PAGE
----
Zika virus disease is mainly spread by mosquitoes. For most people it is a very mild infection and isn’t harmful. However, it may be more serious for pregnant women, as there’s evidence it causes birth defects – in particular, abnormally small heads (microcephaly).
Zika does not naturally occur in the UK. Zika outbreaks have been reported in the Pacific region, and the virus has now spread to South and Central America and the Caribbean.
Symptoms of the Zika Virus:
Most people don’t have any symptoms. If symptoms do occur, they are usually mild and last around two to seven days.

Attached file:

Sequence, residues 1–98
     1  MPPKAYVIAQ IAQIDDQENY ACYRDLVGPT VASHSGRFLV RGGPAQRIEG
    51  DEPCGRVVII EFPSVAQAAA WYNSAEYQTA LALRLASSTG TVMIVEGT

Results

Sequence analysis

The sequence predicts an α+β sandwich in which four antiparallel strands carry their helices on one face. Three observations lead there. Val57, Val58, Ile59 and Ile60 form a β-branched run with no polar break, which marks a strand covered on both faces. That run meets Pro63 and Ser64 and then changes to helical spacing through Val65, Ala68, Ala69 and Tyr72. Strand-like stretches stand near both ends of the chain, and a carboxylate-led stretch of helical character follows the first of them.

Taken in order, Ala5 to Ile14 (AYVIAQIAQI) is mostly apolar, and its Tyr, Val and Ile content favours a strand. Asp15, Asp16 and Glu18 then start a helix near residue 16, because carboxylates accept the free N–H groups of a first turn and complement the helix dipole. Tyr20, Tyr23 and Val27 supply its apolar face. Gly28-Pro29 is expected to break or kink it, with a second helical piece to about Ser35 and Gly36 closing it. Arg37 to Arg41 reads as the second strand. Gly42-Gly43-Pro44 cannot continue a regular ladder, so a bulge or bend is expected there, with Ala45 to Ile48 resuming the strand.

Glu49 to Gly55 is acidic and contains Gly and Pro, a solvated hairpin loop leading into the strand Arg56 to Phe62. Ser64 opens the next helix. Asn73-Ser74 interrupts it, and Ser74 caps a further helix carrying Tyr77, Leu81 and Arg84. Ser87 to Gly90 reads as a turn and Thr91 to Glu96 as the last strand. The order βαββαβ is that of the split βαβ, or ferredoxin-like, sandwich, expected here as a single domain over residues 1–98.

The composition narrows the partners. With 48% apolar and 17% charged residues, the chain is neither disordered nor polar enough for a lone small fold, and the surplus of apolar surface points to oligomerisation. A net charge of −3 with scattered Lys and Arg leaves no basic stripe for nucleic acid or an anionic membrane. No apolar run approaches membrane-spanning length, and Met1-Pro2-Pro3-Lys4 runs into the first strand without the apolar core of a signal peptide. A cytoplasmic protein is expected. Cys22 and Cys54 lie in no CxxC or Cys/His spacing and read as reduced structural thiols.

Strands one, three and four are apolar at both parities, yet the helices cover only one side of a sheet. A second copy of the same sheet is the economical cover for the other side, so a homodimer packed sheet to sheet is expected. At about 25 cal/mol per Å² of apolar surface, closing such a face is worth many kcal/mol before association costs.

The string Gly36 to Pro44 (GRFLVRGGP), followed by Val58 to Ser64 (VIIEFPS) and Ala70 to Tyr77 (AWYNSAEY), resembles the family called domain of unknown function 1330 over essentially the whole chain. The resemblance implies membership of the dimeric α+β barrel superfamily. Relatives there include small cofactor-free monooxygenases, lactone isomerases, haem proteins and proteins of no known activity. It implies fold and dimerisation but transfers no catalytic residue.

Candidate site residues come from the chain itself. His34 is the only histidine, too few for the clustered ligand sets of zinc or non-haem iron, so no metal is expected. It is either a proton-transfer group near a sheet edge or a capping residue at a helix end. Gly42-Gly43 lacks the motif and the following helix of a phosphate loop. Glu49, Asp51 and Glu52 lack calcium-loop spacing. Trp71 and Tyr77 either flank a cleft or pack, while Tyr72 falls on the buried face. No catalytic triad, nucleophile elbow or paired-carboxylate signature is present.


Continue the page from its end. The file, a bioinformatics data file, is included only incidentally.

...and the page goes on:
Commonly reported symptoms include:
- itching all over the body
- joint pain (with possible swelling, mainly in the smaller joints of the hands and feet)
- muscle pain
Treatment for the Zika Virus:
There is no specific treatment for Zika virus symptoms. Drinking plenty of water and taking paracetamol may help relieve symptoms. If you feel unwell after returning from a country that has malaria as well as active transmission of Zika virus, you should seek urgent (same day) advice to help rule out a malaria diagnosis. If you remain unwell and malaria has been shown not to be the cause, seek medical advice.
What if I’m worried that my baby has been affected by Zika?
Speak to your midwife or doctor for advice. If you are still concerned after receiving assurances from your healthcare professional and feel anxious or stressed more than usual, you can ask your GP or midwife for referral to further counselling.